Over 10 feet vent hose for Glowforge?


#1

About the vent hose for Glowforge. I’m still waiting for my order. I plan to put Glowforge in my office at
my house basement. There is about 12 to 15 feet distances between Glowforge to basement window for 4 inch pvc pipe or vent hose (either one). I know that it is not enough to push the smoke out of the vent outdoors.

Do you think 8 inch vent fan (see pix) will work or will the vacuum be too strong for Glowforge?


#2

I think the CFM on that will be too strong, my Son had that unit on his CNC plasma down draft table.
A 4" booster fan mounted at the exit would be ideal.


#3

yeah, not a lot of point in adding an 8-inch fan to the 4-inch venting, anyway.


#4

If it can do variable speed and you can get an 8 to 4 inch adapters, it will help.

Cleaning will be needed as part of your maintenance schedule. Keep tabs on how quickly it gets build up and schedule around that.


#5

Counter to everyone saying dont do a 8 inch… You should do a 8inchs and then just get a speed control for it the 8in can have a Mich higher flow or can have the same flow at a much less of a sound level.

My 8inch 800 cfm fan at 400cfm is dead silent. The 4 inch in the gf at a estimated 200-300cfm(no one actually knows) is audible through two rooms and doors and with head phones on


#6

that’s a great point - i don’t worry about noise so i didn’t think about it (even though i know better from putting together my computers).


#7

Ya its not just you that’s something people always over look or forget thats the same cfm out of a 20mm vs a 40 vs a 120 the 20 and 40 will make your ears bleed the 120 will annoy and the 240 you won’t even hear. Also the pitch of the larger fans is much nicer even if at the same sound level the pitch of the larger fans will be lower and less bleeding ears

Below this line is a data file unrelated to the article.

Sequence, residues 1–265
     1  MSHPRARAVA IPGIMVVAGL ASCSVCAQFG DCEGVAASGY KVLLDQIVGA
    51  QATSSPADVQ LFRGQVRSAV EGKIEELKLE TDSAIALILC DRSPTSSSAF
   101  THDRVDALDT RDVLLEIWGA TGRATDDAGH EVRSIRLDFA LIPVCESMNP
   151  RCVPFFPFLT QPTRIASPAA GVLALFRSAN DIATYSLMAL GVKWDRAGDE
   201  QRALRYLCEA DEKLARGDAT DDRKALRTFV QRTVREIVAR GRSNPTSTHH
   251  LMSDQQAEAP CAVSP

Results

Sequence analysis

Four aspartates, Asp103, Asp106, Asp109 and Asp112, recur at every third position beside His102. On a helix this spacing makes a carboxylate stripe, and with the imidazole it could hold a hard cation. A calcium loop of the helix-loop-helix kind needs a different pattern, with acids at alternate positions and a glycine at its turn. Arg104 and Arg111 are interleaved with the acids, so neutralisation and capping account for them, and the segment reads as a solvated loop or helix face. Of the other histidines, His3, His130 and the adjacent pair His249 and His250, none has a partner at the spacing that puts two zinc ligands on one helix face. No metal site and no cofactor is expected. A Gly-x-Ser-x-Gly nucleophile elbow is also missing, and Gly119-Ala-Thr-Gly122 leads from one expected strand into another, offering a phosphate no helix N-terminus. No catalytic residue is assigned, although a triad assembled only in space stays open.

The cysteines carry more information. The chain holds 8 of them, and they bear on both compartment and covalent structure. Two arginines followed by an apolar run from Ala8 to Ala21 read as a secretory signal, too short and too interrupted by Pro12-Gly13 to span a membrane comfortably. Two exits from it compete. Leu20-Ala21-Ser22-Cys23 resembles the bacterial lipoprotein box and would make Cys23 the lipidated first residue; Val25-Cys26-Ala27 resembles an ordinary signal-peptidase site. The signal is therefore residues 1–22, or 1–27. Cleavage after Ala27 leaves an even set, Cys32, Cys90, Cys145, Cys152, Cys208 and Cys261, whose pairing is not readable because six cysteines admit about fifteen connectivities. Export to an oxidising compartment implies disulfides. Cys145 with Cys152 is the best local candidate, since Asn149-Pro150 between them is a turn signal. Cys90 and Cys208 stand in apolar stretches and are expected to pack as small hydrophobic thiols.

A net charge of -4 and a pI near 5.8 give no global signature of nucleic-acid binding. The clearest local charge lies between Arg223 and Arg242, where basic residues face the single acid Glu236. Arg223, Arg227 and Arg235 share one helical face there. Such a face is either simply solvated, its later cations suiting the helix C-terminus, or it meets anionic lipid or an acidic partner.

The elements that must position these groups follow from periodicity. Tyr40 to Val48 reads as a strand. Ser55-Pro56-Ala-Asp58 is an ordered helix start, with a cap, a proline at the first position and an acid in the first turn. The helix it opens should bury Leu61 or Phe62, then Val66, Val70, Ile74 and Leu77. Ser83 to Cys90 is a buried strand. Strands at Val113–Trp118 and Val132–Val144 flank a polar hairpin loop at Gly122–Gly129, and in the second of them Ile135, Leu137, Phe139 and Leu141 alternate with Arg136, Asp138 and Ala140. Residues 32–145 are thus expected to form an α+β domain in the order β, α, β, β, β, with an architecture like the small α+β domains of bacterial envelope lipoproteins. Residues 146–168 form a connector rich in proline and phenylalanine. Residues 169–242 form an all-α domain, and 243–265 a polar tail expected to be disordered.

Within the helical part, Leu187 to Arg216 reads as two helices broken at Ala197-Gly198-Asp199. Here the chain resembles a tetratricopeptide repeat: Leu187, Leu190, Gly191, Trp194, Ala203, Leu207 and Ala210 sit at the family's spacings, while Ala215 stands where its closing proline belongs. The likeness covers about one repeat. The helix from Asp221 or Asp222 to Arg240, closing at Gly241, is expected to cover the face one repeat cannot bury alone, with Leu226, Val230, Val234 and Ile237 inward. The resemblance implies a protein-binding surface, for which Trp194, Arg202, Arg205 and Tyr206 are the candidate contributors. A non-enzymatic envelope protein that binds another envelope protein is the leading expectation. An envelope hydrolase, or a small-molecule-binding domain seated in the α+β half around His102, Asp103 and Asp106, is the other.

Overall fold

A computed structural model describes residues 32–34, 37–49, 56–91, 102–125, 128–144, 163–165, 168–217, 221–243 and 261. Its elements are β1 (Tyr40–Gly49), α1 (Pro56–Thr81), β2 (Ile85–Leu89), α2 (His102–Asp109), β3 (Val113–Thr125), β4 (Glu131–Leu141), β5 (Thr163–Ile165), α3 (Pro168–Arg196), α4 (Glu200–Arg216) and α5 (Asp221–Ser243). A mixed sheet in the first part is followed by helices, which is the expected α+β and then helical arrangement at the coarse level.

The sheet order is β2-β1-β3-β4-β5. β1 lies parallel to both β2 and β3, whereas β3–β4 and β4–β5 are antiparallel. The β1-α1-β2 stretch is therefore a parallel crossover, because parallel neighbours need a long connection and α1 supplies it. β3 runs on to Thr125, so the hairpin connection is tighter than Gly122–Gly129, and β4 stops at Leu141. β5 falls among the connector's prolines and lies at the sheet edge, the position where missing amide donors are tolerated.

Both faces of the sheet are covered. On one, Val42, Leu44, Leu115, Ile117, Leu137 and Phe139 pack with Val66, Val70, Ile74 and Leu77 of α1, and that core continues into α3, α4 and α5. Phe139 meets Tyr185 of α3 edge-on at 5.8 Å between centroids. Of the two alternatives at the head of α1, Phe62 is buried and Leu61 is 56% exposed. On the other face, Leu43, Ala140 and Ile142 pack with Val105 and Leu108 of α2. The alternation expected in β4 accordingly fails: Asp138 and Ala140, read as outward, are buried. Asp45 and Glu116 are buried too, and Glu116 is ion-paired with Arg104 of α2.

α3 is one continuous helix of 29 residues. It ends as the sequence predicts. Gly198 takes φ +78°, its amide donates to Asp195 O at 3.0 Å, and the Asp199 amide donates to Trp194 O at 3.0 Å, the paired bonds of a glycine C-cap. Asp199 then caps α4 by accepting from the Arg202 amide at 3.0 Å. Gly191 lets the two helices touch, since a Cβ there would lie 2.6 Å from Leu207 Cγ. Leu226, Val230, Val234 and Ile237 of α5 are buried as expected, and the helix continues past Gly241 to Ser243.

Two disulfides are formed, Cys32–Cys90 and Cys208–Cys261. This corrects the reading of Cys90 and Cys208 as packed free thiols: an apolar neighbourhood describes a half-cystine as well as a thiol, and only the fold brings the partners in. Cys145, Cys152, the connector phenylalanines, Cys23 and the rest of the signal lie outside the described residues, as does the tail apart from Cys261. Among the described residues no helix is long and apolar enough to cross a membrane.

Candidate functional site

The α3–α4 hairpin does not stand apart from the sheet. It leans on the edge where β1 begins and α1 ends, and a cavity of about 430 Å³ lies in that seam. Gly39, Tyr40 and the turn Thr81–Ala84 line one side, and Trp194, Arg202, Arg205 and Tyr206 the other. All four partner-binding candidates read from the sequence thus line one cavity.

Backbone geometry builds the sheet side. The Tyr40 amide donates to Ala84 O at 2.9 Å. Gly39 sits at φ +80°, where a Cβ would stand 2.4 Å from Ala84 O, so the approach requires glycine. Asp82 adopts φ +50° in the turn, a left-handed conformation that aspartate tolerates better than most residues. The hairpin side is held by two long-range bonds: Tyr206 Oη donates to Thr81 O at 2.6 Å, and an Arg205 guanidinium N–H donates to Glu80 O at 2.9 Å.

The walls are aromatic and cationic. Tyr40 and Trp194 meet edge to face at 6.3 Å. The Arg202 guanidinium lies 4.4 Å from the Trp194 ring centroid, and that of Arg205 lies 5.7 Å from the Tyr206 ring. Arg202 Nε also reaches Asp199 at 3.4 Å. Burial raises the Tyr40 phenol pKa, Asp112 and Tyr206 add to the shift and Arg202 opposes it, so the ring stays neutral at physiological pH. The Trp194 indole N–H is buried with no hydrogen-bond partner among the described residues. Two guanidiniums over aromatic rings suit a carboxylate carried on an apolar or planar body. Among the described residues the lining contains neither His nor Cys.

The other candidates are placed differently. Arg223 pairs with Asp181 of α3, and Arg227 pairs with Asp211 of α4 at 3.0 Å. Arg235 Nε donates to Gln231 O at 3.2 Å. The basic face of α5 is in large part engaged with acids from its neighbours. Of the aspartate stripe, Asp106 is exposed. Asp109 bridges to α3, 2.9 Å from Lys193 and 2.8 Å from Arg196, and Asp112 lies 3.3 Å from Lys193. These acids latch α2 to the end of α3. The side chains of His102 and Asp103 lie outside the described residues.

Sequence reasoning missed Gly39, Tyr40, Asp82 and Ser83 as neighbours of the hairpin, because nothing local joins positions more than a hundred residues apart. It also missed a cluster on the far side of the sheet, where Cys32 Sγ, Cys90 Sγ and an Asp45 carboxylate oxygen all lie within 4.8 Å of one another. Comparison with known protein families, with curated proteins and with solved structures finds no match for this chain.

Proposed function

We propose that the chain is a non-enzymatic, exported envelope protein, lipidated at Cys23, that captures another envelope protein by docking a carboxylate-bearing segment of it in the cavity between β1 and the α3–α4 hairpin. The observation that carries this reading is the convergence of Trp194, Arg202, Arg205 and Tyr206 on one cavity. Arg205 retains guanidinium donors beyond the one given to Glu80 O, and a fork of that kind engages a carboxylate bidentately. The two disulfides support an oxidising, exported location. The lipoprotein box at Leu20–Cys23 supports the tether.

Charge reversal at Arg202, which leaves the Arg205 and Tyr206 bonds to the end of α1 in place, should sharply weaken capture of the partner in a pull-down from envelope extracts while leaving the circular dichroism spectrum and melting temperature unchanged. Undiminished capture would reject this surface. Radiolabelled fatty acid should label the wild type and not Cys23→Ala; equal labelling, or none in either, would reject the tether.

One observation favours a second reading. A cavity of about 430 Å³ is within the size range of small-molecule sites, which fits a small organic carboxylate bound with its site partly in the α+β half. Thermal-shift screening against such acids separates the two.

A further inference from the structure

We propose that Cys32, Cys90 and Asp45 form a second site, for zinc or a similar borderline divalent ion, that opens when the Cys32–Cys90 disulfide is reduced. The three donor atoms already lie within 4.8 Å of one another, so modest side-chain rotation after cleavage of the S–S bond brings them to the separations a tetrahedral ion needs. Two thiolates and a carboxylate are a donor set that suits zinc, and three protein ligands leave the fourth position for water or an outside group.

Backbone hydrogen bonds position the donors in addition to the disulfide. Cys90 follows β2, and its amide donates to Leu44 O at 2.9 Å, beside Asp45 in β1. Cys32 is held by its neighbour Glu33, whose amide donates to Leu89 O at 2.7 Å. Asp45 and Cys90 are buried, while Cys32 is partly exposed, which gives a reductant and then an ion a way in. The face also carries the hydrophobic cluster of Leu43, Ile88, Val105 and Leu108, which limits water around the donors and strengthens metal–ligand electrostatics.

#8

I’m curious, what is the problem with having too much fume extraction (i.e. vacuum)?


#9

Lighter weight materials could be sucked into areas that could effect the GF :glowforge: functionality.

I don’t know if internal hardware (fans and other components) would be effected. I think @dan has commented that the GF :glowforge: is designed for around a 200 CFM airflow.


#10

You can also collapse flexi vent tubing with too much negative pressure.


#11

The two fine examples make sense. Is there anything that would affect the actual operation of the GF Laser?


#12

There is an unanswered question that’s been floating around: Is the fan in the GF isolated so that “windmilling” doesn’t create current that could potentially damage the electronics. I don’t know enough to know if that’s even a valid concern. I’m just throwing that out there.


#14

If you put a vacuum on the first fan you can over rev it and generate power causing back feed to the pcb


#15

thank for reply. Here is draw.

What are you think??


#16

That is going to work well for you.

Try to keep the 8 inch fan to outputting about 200 to 250 CFM with the 4 inch PVC.

That will keep in step with the GF :glowforge: exhaust (until you can test material that might come loose during the lasering).


#17

Do we know if @dan has confirmed peak air flow so we can calibrate booster fans?


#18

Here is what I found:

From:


#19

Great find!!!

And also a shame because its so darn loud for only 200cfm


#20

Something to consider with putting a higher-draw fan at the end of that length of hose is the hose pressure rating to prevent collapse. You wrote down that you’re using PVC, which is fine…

But if you have a high draw fan at the end, and a weak walled dryer hose, the suction could collapse the hose in on itself like trying to suck a thick milkshake through a cheap straw.


#21

I have a similar set up for my :glowforge: in my basement office. Appox 12 ft along the joist. I put an inline assist fan plugged into a switched outlet and it works great.